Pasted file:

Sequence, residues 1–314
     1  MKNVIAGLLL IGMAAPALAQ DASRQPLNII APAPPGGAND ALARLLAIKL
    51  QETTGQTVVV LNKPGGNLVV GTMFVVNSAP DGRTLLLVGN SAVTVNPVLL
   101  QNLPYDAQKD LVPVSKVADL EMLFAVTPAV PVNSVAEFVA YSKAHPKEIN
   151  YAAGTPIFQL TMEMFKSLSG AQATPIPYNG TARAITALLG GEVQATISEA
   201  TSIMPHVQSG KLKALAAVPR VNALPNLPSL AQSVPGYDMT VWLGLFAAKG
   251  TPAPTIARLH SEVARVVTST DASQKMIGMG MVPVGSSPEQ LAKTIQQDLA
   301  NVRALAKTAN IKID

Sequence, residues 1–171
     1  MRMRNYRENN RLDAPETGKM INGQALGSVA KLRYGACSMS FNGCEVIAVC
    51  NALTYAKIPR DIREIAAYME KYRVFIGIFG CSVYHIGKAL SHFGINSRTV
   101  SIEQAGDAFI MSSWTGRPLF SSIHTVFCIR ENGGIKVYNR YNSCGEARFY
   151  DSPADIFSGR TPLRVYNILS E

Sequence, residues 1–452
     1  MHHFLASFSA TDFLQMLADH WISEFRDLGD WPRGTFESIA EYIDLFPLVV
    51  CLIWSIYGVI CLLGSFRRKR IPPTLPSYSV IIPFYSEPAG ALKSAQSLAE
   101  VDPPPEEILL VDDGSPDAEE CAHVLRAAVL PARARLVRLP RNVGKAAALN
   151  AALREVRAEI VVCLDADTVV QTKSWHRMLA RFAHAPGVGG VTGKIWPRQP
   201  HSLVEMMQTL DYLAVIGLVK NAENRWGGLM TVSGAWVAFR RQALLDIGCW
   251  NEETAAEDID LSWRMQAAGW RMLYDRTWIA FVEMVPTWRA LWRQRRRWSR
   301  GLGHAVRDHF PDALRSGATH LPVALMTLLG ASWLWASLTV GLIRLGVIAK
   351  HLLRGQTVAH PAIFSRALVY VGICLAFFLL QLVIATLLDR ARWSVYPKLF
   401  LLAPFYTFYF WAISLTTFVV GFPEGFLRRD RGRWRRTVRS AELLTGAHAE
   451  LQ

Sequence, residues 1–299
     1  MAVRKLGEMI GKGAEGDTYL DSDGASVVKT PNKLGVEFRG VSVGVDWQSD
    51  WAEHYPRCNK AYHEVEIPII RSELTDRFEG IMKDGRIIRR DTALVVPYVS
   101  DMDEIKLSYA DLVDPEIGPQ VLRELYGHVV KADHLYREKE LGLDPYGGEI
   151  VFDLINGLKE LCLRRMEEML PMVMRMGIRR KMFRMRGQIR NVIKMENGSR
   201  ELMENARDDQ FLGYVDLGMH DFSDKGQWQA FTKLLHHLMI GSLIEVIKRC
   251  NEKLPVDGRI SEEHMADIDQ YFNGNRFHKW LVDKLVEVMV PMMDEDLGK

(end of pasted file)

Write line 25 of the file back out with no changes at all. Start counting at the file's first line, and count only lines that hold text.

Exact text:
Sequence, residues 1–299